When I read an article promoting God is Not One by Prothero in the Christian Science Monitor I was excited that finally there was a book that would discuss the differences between religions and why those differences matter. Eager to learn more I downloaded God is Not One onto my Nook. I cheered when I read in the introduction, "No one argues that different economic systems or political regimes are one and the same. . Yet scholars continue to claim that religious rivals such as Hinduism and Islam, Judaism and Christianity are, by some miracle of imagination, essentially the same ." Delighted I continued reading expecting to learn more about those differences and their implications only to be disappointed. While Prothero states that each faith takes a journey up a different mountain he never explains why that difference is more important than the common moral and ethical principles most religions share. As I continued reading I became uneasy. Even though Christians out number Moslems Prothero declares that Islam will be the faith of this century since their numbers are growing rapidly. Really? Perhaps we should wait another 90 years before declaring who the religious winner will be. By the second chapter I realized God is Not One is essentially a liberal treatise on religion written by a man will little or no faith and who has a strong bias against Christianity. Raised an Episcopalian, Prothero declares all non-Christian religions to be superior to his own religious heritage. Enthralled with the order Confucianism promotes, Prothero fails to follow its central tenet to respect and learn from his elders and ancestors. I urge Prothero to consider more carefully why his ancestors followed Christ. The chapter on Christianity calls into question the credibility of the entire book. Since I am Christian I can easily pick out the author's errors and distortions but my knowledge of Buddhism and Hinduism isn't extensive enough to know if he has made similar errors in those chapters. In criticizing Christianity he states Christianity has "texts of terror" and that there are whole books in the Bible devoted to war. The books he is referring to are called the Old Testament by Christians and the Torah by Jews. They contain a theological interpretation of historical events. Oddly in another chapter he proclaims the virtues of the Torah as if they are completely different books. Judaism, Christianity and Islam all draw from the covenant God made with Abraham. If the Christian God is implicated in genocide then so is the God of the Jews and Moslems. Prothero implies that Islam is better than Christianity because they have rules for war such as it is okay to behead any non-believer who refuses to convert while Christians have no such rules. He never mentions that Jesus instructed his disciples to walk away if someone rejects the gospel and to turn the other cheek when attacked. He also never mentions the rich Christian theological tradition that among other things talks about war and when it is or isn't just. Whether the Islamic or Christian approach has led to more or less war is open to debate. Prothero does not achieve what he set out to do. Instead of a thorough, non-bias discussion of the differences between faiths and how those differences impact the world, he essentially has given us another comparative religion book. I will have to search for another source containing the information I desire.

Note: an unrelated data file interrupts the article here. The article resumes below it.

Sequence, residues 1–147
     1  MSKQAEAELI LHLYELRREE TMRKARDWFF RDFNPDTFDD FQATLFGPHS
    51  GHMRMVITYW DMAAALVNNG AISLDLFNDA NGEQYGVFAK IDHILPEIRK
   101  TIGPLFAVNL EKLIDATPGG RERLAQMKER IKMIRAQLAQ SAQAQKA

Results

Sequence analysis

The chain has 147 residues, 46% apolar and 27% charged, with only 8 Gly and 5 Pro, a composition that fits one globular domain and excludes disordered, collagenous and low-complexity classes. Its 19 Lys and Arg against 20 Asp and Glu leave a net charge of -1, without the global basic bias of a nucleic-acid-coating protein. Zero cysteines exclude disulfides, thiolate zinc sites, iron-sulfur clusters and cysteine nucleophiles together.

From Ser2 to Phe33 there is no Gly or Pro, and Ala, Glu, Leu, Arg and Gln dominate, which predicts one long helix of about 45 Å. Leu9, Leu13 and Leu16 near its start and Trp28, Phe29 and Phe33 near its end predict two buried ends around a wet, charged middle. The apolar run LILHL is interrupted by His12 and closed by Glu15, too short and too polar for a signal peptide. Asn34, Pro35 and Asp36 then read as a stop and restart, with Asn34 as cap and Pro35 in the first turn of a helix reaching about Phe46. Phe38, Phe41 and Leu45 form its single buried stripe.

7 out of 19 people found this review helpful.